No. But if I say they are blatantly ridiculous, you can easily see why by doing a few short Google searches. For example, you unequivocally state that there is no such thing as a jury trial in a patent case. That is ridiculous. And a simple search will reveal that to you. You don’t have to trust me on certain things. You wouldn’t believe me anyways.
Notice: “For example” is a device for conflating a single incident with an extensive pattern. Jed did not state what IHFB claims here. Jed described routine practice, as he understood it, possibly from years ago. IHFB has translated that to “no such thing,” thus creating a blatant error which he then attempts to rub Jed’s nose in.
My understanding is that most patent issues are decided by judges.
Jed does not confront the misattribution. What he says, though, is unconditionally true. This is his understanding. His understanding also is properly qualified, “most.” It is also apparently correct about some issues that might be called “patent issues.,” validity, in particular, but the reality here is not completely clear. And it can be quite complex.
But that is not what you said originally, is it?
It is consistent with what he said, if we understand that a general statement is not necessarily qualified fully.
You said: “In a patent lawsuit, nobody cares what you say or claim. They only look at the facts. These are not trials by jury. The judge decides, and the judge is an expert in patents.”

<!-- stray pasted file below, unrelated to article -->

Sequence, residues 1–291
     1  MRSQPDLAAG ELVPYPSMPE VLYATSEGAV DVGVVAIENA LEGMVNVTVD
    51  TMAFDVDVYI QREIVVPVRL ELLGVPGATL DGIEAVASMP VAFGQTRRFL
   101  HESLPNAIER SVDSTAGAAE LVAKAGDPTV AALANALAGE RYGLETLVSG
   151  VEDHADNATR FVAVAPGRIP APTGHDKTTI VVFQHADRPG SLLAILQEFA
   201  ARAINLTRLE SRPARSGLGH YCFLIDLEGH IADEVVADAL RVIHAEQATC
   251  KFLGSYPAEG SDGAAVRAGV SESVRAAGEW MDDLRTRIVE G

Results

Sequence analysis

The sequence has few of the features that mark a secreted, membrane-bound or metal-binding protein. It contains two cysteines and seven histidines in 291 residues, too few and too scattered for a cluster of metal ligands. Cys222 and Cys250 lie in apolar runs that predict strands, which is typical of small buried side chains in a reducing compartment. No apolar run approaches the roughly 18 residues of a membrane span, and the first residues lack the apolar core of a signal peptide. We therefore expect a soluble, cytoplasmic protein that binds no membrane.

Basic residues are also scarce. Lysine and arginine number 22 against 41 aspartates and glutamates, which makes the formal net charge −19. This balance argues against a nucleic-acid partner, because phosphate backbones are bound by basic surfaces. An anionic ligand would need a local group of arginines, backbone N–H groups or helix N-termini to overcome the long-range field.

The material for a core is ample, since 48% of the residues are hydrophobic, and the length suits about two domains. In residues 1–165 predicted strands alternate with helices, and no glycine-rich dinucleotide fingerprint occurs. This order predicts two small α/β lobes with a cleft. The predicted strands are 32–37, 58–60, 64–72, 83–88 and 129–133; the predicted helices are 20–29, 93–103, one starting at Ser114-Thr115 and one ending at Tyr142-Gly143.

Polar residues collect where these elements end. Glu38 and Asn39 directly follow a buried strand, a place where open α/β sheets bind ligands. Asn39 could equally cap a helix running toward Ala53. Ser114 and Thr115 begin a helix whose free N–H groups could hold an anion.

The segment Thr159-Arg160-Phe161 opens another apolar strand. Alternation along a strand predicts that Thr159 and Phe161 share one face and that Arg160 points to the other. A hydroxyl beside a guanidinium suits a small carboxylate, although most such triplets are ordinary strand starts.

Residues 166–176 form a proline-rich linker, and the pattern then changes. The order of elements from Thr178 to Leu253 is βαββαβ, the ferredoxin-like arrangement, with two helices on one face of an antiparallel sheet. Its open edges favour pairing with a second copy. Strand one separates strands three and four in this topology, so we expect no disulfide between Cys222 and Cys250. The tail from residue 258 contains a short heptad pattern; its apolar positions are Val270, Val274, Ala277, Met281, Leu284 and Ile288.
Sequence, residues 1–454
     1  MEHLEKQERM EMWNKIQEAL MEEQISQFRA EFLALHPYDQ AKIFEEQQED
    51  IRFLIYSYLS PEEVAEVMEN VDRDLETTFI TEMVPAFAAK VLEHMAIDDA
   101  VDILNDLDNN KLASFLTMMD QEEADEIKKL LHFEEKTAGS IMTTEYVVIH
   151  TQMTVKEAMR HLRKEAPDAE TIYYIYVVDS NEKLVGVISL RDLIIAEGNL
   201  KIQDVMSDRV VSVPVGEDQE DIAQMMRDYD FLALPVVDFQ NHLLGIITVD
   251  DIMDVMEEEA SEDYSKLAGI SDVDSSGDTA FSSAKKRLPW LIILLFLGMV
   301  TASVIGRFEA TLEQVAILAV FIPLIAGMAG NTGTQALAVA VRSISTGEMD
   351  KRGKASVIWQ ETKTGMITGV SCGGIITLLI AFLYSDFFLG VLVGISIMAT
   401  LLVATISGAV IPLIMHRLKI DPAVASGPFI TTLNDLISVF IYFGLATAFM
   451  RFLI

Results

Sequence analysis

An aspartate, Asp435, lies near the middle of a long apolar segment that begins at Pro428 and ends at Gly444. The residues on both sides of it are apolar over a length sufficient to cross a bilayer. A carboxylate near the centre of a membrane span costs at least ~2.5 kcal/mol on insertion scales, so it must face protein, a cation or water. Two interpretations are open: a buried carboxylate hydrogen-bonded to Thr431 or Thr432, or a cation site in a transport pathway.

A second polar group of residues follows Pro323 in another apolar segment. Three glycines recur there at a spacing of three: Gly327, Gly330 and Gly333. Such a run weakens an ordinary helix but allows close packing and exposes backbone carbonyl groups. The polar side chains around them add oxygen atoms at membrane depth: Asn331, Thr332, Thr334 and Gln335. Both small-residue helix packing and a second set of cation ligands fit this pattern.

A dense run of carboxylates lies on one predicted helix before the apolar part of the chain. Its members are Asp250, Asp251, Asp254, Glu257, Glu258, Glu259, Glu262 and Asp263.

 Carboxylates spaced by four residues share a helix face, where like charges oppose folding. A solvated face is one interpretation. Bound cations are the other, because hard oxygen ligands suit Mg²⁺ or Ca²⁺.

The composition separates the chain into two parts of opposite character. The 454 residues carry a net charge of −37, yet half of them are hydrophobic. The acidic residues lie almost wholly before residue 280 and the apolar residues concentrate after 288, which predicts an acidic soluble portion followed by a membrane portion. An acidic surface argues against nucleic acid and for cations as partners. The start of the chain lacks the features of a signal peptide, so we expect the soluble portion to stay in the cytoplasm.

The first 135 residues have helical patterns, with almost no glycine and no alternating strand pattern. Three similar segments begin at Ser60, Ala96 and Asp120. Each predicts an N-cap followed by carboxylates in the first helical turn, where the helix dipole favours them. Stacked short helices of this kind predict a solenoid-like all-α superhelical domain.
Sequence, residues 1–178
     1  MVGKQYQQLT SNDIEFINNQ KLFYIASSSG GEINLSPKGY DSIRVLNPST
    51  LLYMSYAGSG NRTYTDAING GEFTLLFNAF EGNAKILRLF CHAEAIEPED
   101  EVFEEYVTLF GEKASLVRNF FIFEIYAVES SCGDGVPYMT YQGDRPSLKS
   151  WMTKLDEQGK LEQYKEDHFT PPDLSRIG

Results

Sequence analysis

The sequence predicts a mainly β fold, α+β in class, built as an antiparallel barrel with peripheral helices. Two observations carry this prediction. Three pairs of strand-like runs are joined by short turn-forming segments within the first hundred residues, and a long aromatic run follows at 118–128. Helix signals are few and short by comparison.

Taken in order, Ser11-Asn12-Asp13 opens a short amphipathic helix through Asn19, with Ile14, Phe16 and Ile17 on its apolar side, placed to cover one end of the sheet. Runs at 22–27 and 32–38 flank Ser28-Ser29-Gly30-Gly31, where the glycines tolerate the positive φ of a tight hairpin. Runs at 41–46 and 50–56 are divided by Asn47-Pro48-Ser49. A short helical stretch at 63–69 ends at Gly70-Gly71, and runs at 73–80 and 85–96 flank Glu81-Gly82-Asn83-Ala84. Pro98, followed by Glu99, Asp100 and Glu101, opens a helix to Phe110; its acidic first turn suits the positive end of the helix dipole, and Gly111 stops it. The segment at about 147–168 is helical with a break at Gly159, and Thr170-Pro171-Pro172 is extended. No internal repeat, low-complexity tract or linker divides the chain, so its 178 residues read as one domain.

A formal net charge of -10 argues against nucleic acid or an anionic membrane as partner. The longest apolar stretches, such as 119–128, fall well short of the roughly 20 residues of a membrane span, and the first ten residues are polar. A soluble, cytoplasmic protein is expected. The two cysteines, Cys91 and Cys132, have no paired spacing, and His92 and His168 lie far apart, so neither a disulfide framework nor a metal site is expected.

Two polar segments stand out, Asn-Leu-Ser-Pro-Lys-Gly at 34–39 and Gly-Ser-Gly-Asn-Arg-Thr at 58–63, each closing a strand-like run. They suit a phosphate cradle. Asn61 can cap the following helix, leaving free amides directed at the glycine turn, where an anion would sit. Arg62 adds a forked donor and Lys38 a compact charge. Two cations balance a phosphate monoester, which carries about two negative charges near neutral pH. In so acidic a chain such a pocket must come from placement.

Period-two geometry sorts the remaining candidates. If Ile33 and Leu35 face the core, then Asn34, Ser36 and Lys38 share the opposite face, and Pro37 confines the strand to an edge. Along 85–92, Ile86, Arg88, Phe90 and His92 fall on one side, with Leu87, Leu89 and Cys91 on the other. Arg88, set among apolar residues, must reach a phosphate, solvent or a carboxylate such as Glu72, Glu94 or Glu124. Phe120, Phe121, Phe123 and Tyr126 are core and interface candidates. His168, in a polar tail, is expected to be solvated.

This was also possibly overstated; however, again, Rossi v. Darden was assigned to Altonaga because she apparently does patent cases. See the Docket, document DE 11.
A word of advice. When someone corrects you, and there is no way around it, here are a few good words that will result in respect by others: “I stand corrected.” When you make a mistake, admit it and move on. If you persist in your errors, you will lose the respect of me and others. Funny that, I’ve never once observed you retract anything you have ever said, save for the time that you eventually changed your claim on the temperature data (but not after tremendous pressure from LENR Calender and me).
Most plaintiffs in patent disputes demand a jury trial. Most district court judges are not expert in patents
It is good advice, but mixed with poison. I’ve seen Jed retract errors, many times. In this case, Jed was not clearly wrong, though he might be in error in some ways, but he was also misread. And IHFB is being misleading. What was the point? It is totally lost in IHFB’s convoluted “correction,” which poked and provoked for many comments before even describing what he was talking about.
My understanding is that most patent issues are decided by judges.
It is up to the Plaintiff whether he will require a jury trial or accept a Judges ruling instead, just as it was in this case.
That is the general rule, not necessarily so with patent cases. Nobody, so far, is actually pointing to evidence. So, here we go. IHFB suggested googling “patent lawsuit jury trial.” So, of course, I did. The first hit: Jury Trials in Patent Cases which refers to this 2013 paper: Why Do Juries Decide If Patents are Valid?